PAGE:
A Boston Subway Train Just Went Rogue
Hack? Ghost conductor? Whatever it was, something really weird happened on the Red Line.
Imagine you’re on a subway train, near the front, and perhaps you can see into the operator’s cab. It’s empty, but the train starts moving anyway. And it doesn’t stop. It’s a creepy scenario—and it happened early Thursday on Boston’s Red Line train, which left the Braintree Station just after 6 a.m. without an operator.
According to a statement released by the Massachusetts Bay Transportation Authority (MBTA), the train ran without stopping until it was just north of the North Quincy Station, where MBTA staff managed to stop the train by switching off the electrified third rail.
Frank DePaola, general manager of the MBTA, said the incident was “highly troubling” and “under investigation by Transit Police detectives.”
No one was hurt during the ghost train ride, however Boston’s Fox affiliate spoke with a passenger who said “that she went into the booth where the conductor sits and saw something tied around the control panel. The passenger said the train went through several stations without stopping and that the lights went out.”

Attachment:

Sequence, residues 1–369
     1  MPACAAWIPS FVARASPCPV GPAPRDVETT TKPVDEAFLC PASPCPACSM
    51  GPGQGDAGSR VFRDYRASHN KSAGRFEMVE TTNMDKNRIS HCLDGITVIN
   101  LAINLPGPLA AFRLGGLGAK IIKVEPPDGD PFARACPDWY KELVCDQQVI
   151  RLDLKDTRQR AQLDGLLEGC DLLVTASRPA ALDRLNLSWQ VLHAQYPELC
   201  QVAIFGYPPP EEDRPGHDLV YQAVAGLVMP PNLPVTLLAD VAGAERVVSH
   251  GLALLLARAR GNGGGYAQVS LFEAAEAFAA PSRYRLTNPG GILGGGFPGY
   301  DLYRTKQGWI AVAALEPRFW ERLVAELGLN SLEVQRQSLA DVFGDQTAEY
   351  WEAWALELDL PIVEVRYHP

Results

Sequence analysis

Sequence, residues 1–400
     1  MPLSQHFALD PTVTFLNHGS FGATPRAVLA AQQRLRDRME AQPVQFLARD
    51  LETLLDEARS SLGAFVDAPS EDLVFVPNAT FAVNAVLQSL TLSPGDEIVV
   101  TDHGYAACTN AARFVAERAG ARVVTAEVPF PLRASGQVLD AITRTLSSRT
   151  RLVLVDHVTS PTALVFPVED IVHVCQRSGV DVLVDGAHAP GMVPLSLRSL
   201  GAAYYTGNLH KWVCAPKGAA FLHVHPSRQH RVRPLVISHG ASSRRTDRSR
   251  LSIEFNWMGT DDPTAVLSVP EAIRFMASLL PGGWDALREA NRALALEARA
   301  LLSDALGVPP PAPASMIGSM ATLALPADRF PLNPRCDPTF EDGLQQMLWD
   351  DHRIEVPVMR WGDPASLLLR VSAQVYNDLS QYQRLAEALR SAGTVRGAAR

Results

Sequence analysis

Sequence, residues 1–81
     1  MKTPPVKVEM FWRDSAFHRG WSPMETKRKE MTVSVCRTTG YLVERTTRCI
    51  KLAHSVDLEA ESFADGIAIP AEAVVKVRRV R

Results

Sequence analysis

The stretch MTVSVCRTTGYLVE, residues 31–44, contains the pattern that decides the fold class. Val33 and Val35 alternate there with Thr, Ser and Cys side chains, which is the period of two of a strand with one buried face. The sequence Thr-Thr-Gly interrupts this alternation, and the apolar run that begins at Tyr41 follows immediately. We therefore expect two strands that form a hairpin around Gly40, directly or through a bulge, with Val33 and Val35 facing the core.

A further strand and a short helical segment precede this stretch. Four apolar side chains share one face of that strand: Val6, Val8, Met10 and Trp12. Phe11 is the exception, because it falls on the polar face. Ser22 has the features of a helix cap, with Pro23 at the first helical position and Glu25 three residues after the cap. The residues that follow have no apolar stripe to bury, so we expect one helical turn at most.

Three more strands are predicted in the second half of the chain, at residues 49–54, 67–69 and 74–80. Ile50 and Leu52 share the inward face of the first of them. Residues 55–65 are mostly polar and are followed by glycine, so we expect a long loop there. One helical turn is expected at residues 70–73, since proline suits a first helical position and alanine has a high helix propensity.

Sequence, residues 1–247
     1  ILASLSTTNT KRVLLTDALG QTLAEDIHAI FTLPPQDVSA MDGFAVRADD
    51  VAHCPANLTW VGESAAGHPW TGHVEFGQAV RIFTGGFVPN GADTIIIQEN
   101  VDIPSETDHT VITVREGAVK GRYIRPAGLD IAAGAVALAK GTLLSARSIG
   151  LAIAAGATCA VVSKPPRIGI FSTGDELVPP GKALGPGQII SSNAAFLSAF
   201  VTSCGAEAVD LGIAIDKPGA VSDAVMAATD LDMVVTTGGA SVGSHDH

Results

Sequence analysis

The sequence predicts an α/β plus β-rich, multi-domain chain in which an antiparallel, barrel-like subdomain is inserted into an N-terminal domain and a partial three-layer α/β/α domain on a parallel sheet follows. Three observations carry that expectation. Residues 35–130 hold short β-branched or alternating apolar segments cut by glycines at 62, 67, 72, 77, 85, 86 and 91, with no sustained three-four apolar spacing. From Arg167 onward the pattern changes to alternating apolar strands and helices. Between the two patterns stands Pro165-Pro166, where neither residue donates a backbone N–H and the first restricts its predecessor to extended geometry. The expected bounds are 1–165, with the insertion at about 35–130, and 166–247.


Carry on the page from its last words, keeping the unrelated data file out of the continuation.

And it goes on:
The same woman indicated there were more than 20 people on the train, and they were told that the conductor had been taken to the hospital.
Boston’s ABC affiliate reported late Thursday morning that a source told one of their reporters that the operator had left the train at Braintree Station to check on an issue. The train struck the operator and continued on its way.
In its release, the MBTA said its investigators were examining whether “a safety device within the train’s cab may have been tampered with.”
Boston’s subway system has been plagued with problems, such as multiple major issues during the severe winter of 2014-2015, when there were third rail failures, overwhelmed snow plows and whole branches of the system at a standstill. Recently, two people were struck and killed by trains in separateincidents.
Whatever’s going on with Boston’s rail transit system may not actually involve remote hacking or vengeful spirits, but it’s starting to look bad enough to prompt commuters to actually risk driving their own cars in Boston, which may be the most terrifying thing of all.
Photos by Boston Globe / Getty